How to Embrace Your Inner Cheapskate
Americans are becoming cheap and increasingly proud of it, while saving big.
June 16, 2009— -- Two or three times a month, Nicole Ladera of Norfolk, Va., gets together with other moms to talk bargains. "Before, it was a faux pas to discuss trying to save money," said Ladera, the founder of FrugalAndFabulousMoms.com.
As the recession rages on, however, Ladera has seen a boom in area moms interested in joining her penny-pinching group to seek out the best deals in town.
In the wake of the economic crisis, Americans are becoming cheap and, increasingly, proud of it. Instead of bragging to friends about luxury purchases, the new U.S. consumer takes pride in being frugal and is no longer self-conscious about saving.
"There's been a culture shift here in attitudes about thrift," said Barbara Whitehead, director of the Center for Thrift and Generosity at the nonprofit Institute for American Values in New York. A recent Gallup poll showed 59 percent of Americans now say they enjoy saving money, compared with 48 percent in 2001.
"It's no longer socially unacceptable" to want to save money, according to self-proclaimed "Coupon Mom" Stephanie Nelson. "Couponing used to be really nerdy. I know that look people used to give you at the store when you took out your coupons … now everyone else in line has them, too."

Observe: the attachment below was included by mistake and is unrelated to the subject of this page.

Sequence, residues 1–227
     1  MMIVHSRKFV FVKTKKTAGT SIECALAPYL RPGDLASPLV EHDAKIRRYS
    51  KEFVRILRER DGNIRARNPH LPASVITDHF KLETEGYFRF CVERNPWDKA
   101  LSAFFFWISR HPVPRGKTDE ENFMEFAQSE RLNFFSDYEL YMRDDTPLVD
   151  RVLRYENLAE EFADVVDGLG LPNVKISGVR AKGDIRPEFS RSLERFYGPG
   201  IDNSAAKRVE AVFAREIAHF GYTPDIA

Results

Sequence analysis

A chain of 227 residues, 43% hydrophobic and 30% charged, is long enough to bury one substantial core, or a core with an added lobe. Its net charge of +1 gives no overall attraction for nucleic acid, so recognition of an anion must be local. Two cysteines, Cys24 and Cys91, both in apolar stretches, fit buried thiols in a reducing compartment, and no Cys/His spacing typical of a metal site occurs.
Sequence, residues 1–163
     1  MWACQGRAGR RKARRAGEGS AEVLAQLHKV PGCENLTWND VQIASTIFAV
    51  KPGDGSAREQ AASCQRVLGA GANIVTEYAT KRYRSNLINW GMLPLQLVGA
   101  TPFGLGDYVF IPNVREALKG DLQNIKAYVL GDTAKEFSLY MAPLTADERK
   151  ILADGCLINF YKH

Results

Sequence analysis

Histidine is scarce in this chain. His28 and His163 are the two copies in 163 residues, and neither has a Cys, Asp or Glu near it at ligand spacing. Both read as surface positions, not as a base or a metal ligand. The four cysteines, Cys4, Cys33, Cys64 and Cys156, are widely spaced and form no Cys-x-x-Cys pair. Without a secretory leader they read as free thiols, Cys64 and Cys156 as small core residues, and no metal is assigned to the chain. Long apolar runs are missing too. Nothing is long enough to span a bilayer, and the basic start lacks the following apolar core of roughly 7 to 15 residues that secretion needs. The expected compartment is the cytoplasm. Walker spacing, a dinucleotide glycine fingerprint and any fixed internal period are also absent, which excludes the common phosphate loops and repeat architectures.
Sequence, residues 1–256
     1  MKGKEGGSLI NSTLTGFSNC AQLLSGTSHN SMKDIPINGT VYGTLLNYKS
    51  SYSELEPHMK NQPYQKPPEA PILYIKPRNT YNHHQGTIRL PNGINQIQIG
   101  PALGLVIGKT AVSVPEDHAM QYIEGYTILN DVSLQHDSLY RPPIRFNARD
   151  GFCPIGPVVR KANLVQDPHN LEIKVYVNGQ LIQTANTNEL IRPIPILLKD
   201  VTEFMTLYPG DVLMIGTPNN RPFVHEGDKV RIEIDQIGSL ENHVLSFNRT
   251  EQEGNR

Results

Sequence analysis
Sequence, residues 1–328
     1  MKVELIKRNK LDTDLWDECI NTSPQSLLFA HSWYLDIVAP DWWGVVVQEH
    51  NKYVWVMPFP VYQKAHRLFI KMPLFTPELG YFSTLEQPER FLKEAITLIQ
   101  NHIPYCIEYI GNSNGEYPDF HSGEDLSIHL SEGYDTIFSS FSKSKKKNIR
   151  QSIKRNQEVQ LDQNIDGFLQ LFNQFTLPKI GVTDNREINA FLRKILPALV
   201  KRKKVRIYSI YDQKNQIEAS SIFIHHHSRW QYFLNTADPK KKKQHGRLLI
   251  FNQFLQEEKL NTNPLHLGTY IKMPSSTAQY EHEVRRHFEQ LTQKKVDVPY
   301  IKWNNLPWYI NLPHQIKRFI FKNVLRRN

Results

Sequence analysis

The trend is prevalent across the economic spectrum.
"People that I know that spend money like there's no tomorrow … are coming to me for advice," said Kristen Krause, who writes TheFrugalGirl blog.
This new love of thrift is likely here to stay. A survey by the business advisory firm AlixPartners found Americans plan to save 14 percent of their total earnings once the recession ends (Americans saved 1.6 percent of their total earnings in 2008 and 1.4 percent on average for the decade prior). Now that it's officially OK to embrace your inner penny-pincher, how on earth do these people do it? Here are the top "expert" tips to the frugal life:
From the brands you buy to the stores from which you buy, open your mind to avoid opening your wallet. Americans are increasingly learning that it's OK to buy used.
"I'm no longer getting the reaction of, 'Ew, that's gross, I can't believe you do that.' Now, it's, 'Oh, where do you go?'" said Katy Wolk-Stanley, the "Non-Consumer Advocate" who vows to only buy used items (with a few exceptions).
Higher quality items bought used will often outlast the cheaper brands purchased new. Used items are also a particularly great way for parents to save money.
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